This time they were telling me it was going to be different; they were always saying this time would be different. I asked them how a small, poorly funded start-up company could go against a giant corporation, which was also the undisputed king of our market, with nearly $400 million in quarterly revenue. After signing a non-disclosure agreement, I was let in on the big secret, the meaning of the “C” in the company name: we were going to use recent innovations in carbon nano-tubes to revolutionize the industry. These nano-scopic cylindrical fibers that allow unparalleled circuit density would be David’s tiny, secret sling.
With the financial incentive of stock options and the confidence gained by working with a crack technical team, everyone was working at full capacity. There were scribbled drawings with names and dates taped up on a wall. These were the jotted ideas from our team of electrical engineers and physicists with M.S. and Ph.D. degrees from schools like Harvard, Stanford, and M.I.T. One posting was my recent workings of a carbon nano-tube electro-mechanical configuration bit, an idea that a co-worker and I had developed that I would write up and the company would push through the patent process. By packing a dozen well-caffeinated physics and electronics geniuses into a pathetic three-room rental that resembled a low-budget movie studio, we had created the primordial soup of intellectual invention. As a result of our collective ideas, our seasoned team, our innovative ideas, and nano-technology being the latest buzzword in investment, we were soon funded by venture capitalists for $10 million. It was immensely exciting to be the tenth employee in a growing start-up company that would have to upgrade offices and dramatically expand staff in an up-scaling war against the industry titan.
The increased design responsibility and unbounded architectural creativity that comes with working for a start-up is unparalleled. However, the necessity of side-stepping patented intellectual property belonging to our competitor, which covered all aspects of our design, from manufacturing to testing, placed a heavy burden on the design team. This danger was extremely real, as a similar start-up had collapsed following an infringement lawsuit related to unauthorized reproduction of a bit stream. As the designer of three different components, I examined our competition’s sixteen patents related to the memory aspect of the device. It was immensely satisfying to study, absorb, and then circumvent patent claims as I designed a conceptually similar but un-patented version of three memory blocks.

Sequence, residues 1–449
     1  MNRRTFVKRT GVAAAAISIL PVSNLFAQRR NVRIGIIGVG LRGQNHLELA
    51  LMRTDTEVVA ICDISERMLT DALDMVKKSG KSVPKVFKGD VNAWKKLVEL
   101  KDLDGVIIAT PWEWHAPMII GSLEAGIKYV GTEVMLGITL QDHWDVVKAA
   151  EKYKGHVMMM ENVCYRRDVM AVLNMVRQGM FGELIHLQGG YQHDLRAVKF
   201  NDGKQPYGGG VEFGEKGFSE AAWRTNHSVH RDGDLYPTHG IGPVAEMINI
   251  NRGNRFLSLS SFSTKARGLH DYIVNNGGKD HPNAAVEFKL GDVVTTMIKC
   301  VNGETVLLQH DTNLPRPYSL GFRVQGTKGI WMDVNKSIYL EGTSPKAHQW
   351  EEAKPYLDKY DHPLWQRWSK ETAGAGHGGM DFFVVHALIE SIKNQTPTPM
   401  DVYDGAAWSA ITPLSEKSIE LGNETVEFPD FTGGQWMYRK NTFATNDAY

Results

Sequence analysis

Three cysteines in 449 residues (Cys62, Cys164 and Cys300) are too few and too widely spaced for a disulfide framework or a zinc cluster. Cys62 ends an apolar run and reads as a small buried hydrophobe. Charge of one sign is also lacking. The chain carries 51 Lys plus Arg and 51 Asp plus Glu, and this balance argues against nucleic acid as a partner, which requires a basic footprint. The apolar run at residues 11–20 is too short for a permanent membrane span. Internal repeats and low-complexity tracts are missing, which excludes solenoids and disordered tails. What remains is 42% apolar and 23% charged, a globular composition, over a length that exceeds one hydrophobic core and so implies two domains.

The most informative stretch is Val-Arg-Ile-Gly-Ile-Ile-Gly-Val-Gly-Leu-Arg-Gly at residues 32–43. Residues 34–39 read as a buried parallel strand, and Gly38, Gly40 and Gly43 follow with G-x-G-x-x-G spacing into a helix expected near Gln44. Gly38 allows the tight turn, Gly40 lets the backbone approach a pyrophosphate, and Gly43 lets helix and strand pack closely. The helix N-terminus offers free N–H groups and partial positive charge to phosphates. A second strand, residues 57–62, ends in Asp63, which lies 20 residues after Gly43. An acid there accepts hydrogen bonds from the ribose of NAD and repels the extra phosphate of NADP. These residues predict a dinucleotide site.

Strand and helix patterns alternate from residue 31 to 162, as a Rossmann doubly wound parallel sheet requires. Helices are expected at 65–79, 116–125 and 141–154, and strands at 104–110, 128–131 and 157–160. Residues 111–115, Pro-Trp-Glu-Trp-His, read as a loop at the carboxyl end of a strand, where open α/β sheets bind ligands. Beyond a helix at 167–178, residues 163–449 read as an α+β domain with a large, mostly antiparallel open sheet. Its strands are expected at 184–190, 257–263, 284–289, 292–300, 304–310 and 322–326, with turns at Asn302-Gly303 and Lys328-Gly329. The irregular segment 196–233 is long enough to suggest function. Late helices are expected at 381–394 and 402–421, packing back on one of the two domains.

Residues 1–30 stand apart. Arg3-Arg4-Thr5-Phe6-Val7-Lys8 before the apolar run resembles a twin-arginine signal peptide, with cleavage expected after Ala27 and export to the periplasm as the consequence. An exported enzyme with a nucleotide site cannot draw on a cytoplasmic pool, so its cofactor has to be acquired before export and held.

I am interested in serving as general counsel for a corporation focused on advanced semiconductor technology. My diverse work experience and master’s degree provide a perfect foundation to tackle the issues faced by a general counsel. I am drawn to the challenges I will find at the intersection of intellectual property, product liability, and corporate law. At this juncture in my life, I seek more challenge and personal growth in a field that calls on my written skills, attention to detail, and love of technology. My background in nano-technology will bring a unique perspective to the NYU classroom and will make me extremely marketable upon graduation. By pursuing a law degree, I intend to enter a profession that aligns with the interests and aptitudes I have discovered and developed through real work experience. It is through deep personal reflection that I have decided that law is the natural extension of my training, personality, and talents.
Commentary on law school personal statement samples:
This is an excellent personal statement because it shows this candidate has had a tangible impact on organizations, and probably on the global economy. The statement keeps the reader engaged by giving a meaningful story with background, context, conflict, and resolution. It also provides a peek into the mysterious and increasingly legendary world of Silicon Valley start-ups. This is a good model for someone who has been out of college for a while, but who hasn’t been working in a law firm. The essay is focused on career goals, with career history to back it up. This person is a doer, not a dreamer. The writer shows a depth of technical knowledge and strong analytic reasoning skills that go way beyond linear thinking, especially when he describes finding new solutions to highly technical problems that do not violate patents. The statement creates desire in the admissions committee to admit this person because other companies seek to hire the applicant and venture capitalists are willing to support the applicant with substantial funds. This statement will inspire members of the admissions committee to act on the applicant’s behalf because he has reached way beyond the safety net of college, and succeeded.